Created in the aftermath of World War Two to attract tourists to Germany, the Romantic Road is an exceptionally pretty drive. Starting in wine country and ending at the foot of the Alps, it makes its way through rolling green countryside where tiny villages punctuate the landscape. Small farming buildings and church steeples. The route takes in some of the most intact medieval towns in Germany, including the only three remaining towns with complete stone walls encircling them. Crooked and brightly coloured half-timbered houses that looks like they belong in fairytales, and winding cobblestone streets happily filled with more locals in than tourists. World Heritage sites and castles. As is usually the case, exploring leads to the greatest rewards on trips like this. We bypassed most of the major destinations on the Romantic Road, and spent our time exploring the smaller towns. There’s no where along this route that isn’t jaw-droppingly picturesque. In fact, it’s often hard to believe that real life actually exists in towns this pretty.
A footworn path through the Franconian vines, from the top of the vineyard down to the village of Sommerhausen below; An old winding cobbled street in Sommerhausen, with a medieval tower at the end and vineyards beyond the town wall.
A hillside full of vines laden with red grapes in the Franconian wine country, small villages dot the valley amongst the vineyards.
The window of an old house in Sommerhausen with green shutters, the ubiquitous pink and red geraniums in a window box, and grape vines growing above; A cobblestone street runs around the inside of the village of Sommerhausen’s medieval wall, whilst colourful bunting is strung down the main street.
Pumpkins for sale from a blue trailer via an honesty system on a village road in Sommerhausen.
A four-storey red and white half timbered house at the end of a cobblestone street in Sommerhausen, looks like it belongs in a fairytale; A road through the hilly vineyards in Franconian wine country.
Vines growing on the houses in Sommerhausen hang over cars parked in the old narrow streets; Sign on the corner of a building points the way to one of the many Weinstube, or wine taverns, in the small village of Sommerhausen.
Pretty buildings line the cobblestone streets in the small walled village of Sommerhausen.
Pumpkins decorate the step of an old arched blue door, with grape vines covering the house; Local Frankish zwetschengen sold at fruit and vegetable stand at a street market in Bamberg.
A statue of Empress Kunigunde on a bridge over the river Regnitz in Bamberg, she was Empress of the Holy Roman Empire in the 11th Century, Bamberg was her favourite residence and place of burial; Very crooked multi-storey old houses dating from the Middle-Ages along the river Regnitz in Bamberg.
The river Regnitz runs through the city of Bamberg and is lined with shoulder to shoulder old houses dating from the Middle-Ages.
In the residential streets of Bamberg a woman hangs out the top window of her old ivy-covered house and smokes a cigarette; Small flower arrangements for sale at a street market in Bamberg.
A tower over the arched entrance to Dinkelsbühl, one of the most intact walled Medieval towns in Germany, on a foggy morning.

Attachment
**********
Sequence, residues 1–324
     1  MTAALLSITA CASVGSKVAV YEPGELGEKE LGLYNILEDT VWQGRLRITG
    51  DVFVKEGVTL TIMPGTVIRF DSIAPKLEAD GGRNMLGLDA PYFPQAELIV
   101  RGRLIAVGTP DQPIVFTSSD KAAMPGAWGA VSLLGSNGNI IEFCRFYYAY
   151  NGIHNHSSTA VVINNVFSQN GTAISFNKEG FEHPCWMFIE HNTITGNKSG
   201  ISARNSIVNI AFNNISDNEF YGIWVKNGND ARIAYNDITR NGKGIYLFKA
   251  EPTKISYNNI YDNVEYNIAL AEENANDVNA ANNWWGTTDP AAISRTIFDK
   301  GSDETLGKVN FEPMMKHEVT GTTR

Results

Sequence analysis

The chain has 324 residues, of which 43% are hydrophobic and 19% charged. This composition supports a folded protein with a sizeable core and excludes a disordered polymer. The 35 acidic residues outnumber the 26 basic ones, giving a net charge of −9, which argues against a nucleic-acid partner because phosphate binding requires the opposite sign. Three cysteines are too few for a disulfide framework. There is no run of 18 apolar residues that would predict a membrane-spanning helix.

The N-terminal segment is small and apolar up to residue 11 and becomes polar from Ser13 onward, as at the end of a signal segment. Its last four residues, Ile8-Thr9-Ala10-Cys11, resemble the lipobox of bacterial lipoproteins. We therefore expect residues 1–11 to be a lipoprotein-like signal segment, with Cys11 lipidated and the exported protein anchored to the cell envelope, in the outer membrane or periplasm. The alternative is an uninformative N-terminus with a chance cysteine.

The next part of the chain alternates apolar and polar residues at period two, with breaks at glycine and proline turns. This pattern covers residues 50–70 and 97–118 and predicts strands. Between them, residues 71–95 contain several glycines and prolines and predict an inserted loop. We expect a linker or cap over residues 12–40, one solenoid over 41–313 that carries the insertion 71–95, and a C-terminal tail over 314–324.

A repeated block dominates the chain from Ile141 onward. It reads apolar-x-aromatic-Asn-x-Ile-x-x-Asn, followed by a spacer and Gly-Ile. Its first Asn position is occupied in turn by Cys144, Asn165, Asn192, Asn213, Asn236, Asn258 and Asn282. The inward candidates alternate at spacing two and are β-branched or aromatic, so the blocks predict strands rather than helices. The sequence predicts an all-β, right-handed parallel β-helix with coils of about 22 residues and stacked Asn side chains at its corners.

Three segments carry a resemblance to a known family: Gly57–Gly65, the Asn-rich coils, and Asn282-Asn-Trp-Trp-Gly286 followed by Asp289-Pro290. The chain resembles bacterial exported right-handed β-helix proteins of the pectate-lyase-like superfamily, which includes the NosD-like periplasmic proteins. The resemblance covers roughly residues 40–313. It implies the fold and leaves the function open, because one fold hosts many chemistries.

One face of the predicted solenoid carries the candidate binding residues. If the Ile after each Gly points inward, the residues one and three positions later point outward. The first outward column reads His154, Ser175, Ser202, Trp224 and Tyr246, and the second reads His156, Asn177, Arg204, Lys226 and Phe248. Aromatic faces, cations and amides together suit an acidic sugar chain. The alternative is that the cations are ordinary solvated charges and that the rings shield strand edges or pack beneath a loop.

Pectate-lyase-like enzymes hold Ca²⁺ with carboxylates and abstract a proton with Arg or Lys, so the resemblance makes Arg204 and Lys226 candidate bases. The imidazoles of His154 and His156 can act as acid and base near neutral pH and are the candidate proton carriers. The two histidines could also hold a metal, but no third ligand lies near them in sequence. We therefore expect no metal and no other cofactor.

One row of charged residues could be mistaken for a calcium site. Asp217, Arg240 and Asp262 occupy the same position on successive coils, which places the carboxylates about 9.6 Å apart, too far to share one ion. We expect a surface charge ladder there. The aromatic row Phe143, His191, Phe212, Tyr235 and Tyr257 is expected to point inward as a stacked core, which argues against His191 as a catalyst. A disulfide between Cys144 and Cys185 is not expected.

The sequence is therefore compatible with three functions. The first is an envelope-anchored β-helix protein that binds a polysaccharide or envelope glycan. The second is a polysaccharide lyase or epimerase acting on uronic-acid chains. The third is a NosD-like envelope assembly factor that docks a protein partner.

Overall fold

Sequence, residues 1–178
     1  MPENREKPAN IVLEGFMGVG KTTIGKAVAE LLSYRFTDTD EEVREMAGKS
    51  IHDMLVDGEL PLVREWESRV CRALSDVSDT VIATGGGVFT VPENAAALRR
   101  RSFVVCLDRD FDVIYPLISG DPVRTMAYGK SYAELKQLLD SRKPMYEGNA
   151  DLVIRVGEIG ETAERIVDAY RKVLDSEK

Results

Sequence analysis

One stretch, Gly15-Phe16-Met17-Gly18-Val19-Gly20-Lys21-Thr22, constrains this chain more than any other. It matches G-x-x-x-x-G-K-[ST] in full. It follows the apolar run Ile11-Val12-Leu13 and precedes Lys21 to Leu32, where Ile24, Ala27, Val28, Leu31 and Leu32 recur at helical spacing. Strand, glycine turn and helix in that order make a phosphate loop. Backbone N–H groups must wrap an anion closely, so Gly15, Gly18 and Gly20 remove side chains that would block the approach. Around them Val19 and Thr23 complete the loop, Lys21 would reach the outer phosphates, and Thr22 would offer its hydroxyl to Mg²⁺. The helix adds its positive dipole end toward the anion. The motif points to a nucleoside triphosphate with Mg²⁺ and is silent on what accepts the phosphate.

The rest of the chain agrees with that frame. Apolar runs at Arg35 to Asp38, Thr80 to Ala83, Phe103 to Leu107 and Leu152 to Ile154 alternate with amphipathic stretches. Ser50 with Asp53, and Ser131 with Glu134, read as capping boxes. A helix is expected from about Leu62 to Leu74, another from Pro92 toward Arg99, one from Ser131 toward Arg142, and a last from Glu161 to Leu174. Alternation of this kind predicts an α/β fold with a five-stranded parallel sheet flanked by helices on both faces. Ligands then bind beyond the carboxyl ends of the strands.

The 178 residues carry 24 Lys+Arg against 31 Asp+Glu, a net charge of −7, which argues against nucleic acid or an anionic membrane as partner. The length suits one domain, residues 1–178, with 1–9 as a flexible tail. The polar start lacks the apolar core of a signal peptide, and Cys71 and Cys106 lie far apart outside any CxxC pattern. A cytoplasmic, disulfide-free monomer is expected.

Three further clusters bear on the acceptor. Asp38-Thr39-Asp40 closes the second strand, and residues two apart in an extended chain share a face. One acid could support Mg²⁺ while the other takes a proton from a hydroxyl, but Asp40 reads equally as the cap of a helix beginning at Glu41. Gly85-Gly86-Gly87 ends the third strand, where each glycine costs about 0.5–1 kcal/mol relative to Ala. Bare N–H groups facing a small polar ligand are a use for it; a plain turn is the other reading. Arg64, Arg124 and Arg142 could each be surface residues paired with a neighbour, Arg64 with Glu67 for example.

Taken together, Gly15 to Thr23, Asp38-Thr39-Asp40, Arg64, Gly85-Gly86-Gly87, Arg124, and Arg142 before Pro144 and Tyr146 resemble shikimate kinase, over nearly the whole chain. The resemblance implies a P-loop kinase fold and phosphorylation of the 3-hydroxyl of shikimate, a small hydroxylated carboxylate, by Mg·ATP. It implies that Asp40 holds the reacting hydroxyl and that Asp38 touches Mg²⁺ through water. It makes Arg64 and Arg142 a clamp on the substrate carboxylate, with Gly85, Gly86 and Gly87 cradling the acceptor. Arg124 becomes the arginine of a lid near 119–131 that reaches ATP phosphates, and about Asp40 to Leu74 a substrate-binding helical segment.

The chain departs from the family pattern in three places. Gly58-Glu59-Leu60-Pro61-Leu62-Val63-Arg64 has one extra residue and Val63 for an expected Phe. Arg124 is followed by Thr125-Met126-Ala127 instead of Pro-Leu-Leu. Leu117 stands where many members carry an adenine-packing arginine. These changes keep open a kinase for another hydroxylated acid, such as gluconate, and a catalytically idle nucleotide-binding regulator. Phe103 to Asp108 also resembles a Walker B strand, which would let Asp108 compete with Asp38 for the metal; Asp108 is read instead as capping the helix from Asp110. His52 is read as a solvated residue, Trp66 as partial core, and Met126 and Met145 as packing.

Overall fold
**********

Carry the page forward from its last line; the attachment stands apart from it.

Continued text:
Looking past layer of roofs and window shutters down the narrow streets of Dinkelsbühl to the church steeple; Red geraniums and creepers spill out of the window box of an old stone building on the outside of Dinkelsbühl’s Medieval wall.
Looking along the stone wall, dotted with towers, that completely surrounds the town of Dinkelsbühl.
The cobblestone streets, stone stables, and colourful half-timbered houses near the edge of Dinkelsbühl’s town wall are dwarfed by the high roof of the church; Tourists sightseeing and locals heading home amongst the colourful half-timbered houses as the day draws to a close in Dinkelsbühl.
An apple orchard just outside the Dinkelsbühl town wall an a foggy morning.
Brightly coloured and very old half-timbered houses of Dinkelsbühl, with their overflowing flower boxes and ornate signs and lamps; A small, arched wooden door that leads to a vine-covered lookout tower build into the medieval town wall in Dinkelsbühl.
Looking through a big old apple tree just outside the Dinkelsbühl town wall, across a lake to more colourful half-timbered houses on a foggy morning.
Where the stone wall meets the arched entrance to town and a tall lookout tower at Dinkelsbühl; Ducks float on the small lake just outside the Dinkelsbühl town wall on a foggy morning, with a medieval lookout tower in the distance.
Looking down on tiny houses built into the base of the medieval town wall at Nordlingen, the only town where you can walk all the way around town on top of the intact wall.
An old house falling into in Nordlingen disrepair gives an insight into how these medieval half-timbered houses were built; A shaded section of the sentry walk around the top of Nordlingen’s town wall near the old water mill.
Looking down on everyday local life from the top of the Nordlingen town wall as a lady rides her bike down the quiet cobblestone streets at the base of the wall.
An artfully arranged wood pile in a farm shed; A small farm shed filled with hay on the edge of a dense forest.
The crystal clear water and rich green forest at the bast of Pollat Gorge, on which the famous Neuschwanstein castle stands atop.
A roadside crucifix in the green countryside with the World Heritage listed Wieskirche in the background; Two horses at the base of Neuschwanstein don’t really understand what everyone is looking at.